And in a surprising gesture, they passed the hat at the end of the tour and came up with nearly $80 to donate to the Byrne Creek Streamkeepers Society. Wow! I was really touched, since our group is 100% volunteer and we have never charged for tours.
I enjoyed the morning outing. It’s wonderful getting out into nature, fresh air and sunshine, talking with a group of convivial folks, and getting some exercise all at the same time!
I was shocked to see that Byrne Creek in SE Burnaby, BC, was running milky for the second day in a row. You can see my photos from yesterday below in an earlier post.
This is the third day in a week that someone has been discharging something into the creek. Volunteer streamkeepers haven’t seen any dead or distressed fish, but this amount of sediment occurring so frequently cannot be good for life in the creek.
The City of Burnaby has been swift to respond, sending out staff to try to backtrack the sources of these illegal discharges. Of course staff cannot say much while investigations are ongoing, but I hope they are successful.
While a fine or two would be great to make perpetrators sit up and take notice, I am generally not gunning for punitive measures. Education and outreach are key in the long run.
UPDATE: As of late afternoon, City staff had traced the source to a broken line on private property that was seeping and carrying silt into a drain. As is often the case, it was unintentional, and will be fixed.
UPDATE 2: As of 6:30 pm, I received a report from another volunteer streamkeeper that a “deluge” of water was passing through Griffith’s Pond, and that she had contacted the City of Burnaby, and had been told there was a watermain break somewhere upstream. How many hits can this poor creek take in a day, much less in a week?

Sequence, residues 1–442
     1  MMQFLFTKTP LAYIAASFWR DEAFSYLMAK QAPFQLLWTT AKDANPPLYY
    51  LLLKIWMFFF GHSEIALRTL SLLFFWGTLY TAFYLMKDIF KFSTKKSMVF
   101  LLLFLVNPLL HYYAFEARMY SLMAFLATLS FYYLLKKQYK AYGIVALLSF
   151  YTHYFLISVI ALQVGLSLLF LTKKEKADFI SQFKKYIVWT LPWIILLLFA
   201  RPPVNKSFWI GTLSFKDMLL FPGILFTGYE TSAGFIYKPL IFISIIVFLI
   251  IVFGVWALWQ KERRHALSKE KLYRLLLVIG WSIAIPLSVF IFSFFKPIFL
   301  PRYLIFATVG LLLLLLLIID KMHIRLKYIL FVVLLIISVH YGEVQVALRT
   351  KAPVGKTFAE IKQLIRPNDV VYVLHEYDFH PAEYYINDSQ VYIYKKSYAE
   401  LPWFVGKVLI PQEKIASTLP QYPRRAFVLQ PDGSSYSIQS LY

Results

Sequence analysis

Here’s what Griffith’s Pond near Edmonds Skytrain Station looked like as of 7:00 pm tonight:
Byrne Creek in SE Burnaby was running milky today. All drains on streets and parking lots lead to local creeks!
I don’t know what the substance was, but local streamkeeper volunteers first shared the info just after 1:00 pm today, and as I walked the creek from 2:30 to 3:30 it was still running milky.
City of Burnaby staff were out trying to track the source through the storm system.
This is the second such event in a week! Last week the creek was running silty brown from what appeared to be construction-site silt.
Here are some shots of today’s event:
The pond near Griffiths Dr.
The outflow from the pond into the creek
Close-up of the milky flow
Further down the creek, near the playground at Ron McLean Park
Somebody was being naughty today, allowing sediment to flow into Byrne Creek in SE Burnaby.
Vigilant streamkeepers reported the ugly looking and potentially fish-killing pollution to the City of Burnaby. Thanks to the volunteers who keep “eyes on the creek” and immediately notify the City of any problems. And thanks to City staff who responded quickly.
It was obvious which storm pipe the sediment came from, as can be seen in the photos below.
If you were a fish, amphibian, aquatic insect, or any other animal, do you think you’d like to be swimming in that?
Here you can clearly see that the sediment entered the creek through this storm outlet.
Another view. The flow here in the upper portion of the creek on a dry day is so slow that this “slug” of sediment was barely moving. It’ll take a rain to flush it out of the creek.